The regulatory maze of a pan-European cloud

July 17, 2012

–Ian Winham is Chief Information Officer of Ricoh Europe. The opinions expressed are his own.–

Cloud computing is widely regarded by policymakers and business leaders to be one of the biggest keys for unlocking business growth in Europe today. So much so that the European Commission is currently formulating a cloud strategy to promote cloud use across the private and public sectors across all of Europe.

The reason behind this effort is clear. Policymakers and businesses alike are full of confidence in the cloud’s ability to drive growth for Europe and particularly for SMEs, deliver savings for governments and ultimately create a more efficient European economy. The numbers are just as promising. Cloud services can boost Europe’s five largest economies by €763 billion over the next five years and create 2.4 million jobs, according to research from the Centre for Economics and Business Research. Other business forecasts are even more optimistic.  IDC estimates the cloud could generate up to 14 million new jobs globally by 2015.

So it is a not matter of if Europe should adopt cloud storage, but rather when Europe will adopt cloud storage more broadly. The cloud will one day sit at the centre of the future workplace, with businesses becoming more flexible and mobile than ever before.

Today, many businesses face a number of hurdles in migrating to the cloud. This is particularly an issue for businesses that work in several EU countries. At the moment a number of divergent laws exist in the member states, especially regarding what data can be stored and where. This means that companies often find it challenging to set up a single cloud service for all of their EU operations since many countries do not permit certain data to be housed outside national borders. Luxembourg’s financial services industry is just one example, but these rules could equally apply to a French retail website, which keeps its data on a server in Ireland but does a lot of business in Germany. At the same time, users need to address the transparency of where their data is and where it has been transferred to. Can the data controller be sure how and where data is being processed?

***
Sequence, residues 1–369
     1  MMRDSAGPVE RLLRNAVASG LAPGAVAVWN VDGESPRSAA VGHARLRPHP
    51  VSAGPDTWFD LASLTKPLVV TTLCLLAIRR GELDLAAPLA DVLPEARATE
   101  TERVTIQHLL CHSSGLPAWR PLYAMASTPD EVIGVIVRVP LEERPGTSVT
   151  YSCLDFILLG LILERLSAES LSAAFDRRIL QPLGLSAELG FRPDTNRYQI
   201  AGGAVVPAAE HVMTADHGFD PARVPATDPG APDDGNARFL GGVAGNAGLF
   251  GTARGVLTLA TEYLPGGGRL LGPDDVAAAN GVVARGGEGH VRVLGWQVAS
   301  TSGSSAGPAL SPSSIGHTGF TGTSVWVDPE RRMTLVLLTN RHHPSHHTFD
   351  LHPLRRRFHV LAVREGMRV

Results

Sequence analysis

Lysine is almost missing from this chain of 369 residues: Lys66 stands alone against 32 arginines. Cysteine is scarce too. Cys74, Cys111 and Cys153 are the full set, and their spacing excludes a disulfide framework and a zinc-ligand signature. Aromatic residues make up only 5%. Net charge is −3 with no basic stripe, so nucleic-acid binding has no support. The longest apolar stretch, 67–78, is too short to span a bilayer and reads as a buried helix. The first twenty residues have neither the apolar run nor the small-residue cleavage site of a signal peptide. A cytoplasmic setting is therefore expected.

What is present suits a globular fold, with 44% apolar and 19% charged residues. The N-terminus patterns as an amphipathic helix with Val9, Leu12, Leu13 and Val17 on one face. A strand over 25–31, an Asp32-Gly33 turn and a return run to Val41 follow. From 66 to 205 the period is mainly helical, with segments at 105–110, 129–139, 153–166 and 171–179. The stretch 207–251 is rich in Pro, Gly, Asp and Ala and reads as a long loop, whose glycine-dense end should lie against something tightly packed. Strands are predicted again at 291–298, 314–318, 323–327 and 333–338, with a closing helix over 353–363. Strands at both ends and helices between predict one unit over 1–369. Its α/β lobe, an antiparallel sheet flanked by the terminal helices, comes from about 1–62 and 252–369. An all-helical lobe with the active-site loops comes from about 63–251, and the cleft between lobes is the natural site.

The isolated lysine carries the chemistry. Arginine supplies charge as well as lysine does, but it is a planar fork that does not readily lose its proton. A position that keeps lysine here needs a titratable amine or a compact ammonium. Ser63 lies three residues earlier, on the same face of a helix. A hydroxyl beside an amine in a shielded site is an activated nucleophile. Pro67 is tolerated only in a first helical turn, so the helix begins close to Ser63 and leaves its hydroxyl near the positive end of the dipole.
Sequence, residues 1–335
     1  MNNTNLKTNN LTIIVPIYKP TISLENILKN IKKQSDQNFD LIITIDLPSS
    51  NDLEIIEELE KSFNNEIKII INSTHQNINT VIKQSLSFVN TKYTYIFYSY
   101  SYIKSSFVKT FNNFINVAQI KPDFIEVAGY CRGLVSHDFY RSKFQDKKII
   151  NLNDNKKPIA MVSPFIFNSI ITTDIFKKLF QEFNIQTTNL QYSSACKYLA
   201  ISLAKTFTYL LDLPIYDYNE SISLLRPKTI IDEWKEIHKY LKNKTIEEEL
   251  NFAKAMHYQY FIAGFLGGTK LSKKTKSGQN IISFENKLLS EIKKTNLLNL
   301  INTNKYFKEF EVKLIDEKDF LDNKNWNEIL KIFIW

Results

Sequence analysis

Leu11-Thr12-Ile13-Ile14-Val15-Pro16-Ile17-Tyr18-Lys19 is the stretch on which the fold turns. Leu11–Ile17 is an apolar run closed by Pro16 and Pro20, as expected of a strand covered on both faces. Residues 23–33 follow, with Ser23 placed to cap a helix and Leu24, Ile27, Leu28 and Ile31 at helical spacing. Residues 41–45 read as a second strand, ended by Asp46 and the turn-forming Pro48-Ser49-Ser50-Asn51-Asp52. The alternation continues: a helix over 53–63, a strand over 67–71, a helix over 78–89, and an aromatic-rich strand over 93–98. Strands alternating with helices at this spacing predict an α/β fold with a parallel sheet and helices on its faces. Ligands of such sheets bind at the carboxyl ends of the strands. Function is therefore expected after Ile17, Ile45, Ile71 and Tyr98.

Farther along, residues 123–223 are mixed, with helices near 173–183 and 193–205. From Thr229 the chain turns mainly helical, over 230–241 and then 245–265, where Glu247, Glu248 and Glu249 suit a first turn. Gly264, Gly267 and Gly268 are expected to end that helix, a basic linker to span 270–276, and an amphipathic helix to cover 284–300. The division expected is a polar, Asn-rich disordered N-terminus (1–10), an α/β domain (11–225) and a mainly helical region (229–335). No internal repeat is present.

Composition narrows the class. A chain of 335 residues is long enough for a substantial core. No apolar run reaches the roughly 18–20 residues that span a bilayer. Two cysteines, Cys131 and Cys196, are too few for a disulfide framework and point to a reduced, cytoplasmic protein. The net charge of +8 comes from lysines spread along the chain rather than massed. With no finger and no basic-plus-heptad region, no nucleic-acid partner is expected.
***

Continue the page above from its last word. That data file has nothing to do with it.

Since data privacy legislation in Germany is widely recognised as amongst the most rigorous in Europe, we decided to benchmark our cloud standards against German legislation.

The European Commission has published a proposal to update and harmonise data protection rules through a Data Protection Regulation. No doubt this is a welcome step forward, but it could take months and possibly years before they are implemented, especially as we are already seeing concerns being raised about the cost of implementing the proposed Regulation. As a consequence, navigating Europe’s fragmented data protection landscape is something many companies are understandably cautious about doing, even though the rewards for doing so could be lower costs and higher productivity.

If the EU and its member states are serious about making the Digital Agenda a reality for businesses – particularly Europe’s 23 million small and medium sized enterprises – they need to act fast to put in place a regulatory environment that reflects and accommodates the needs of businesses who want to take advantage of the cloud and all its growth potential.


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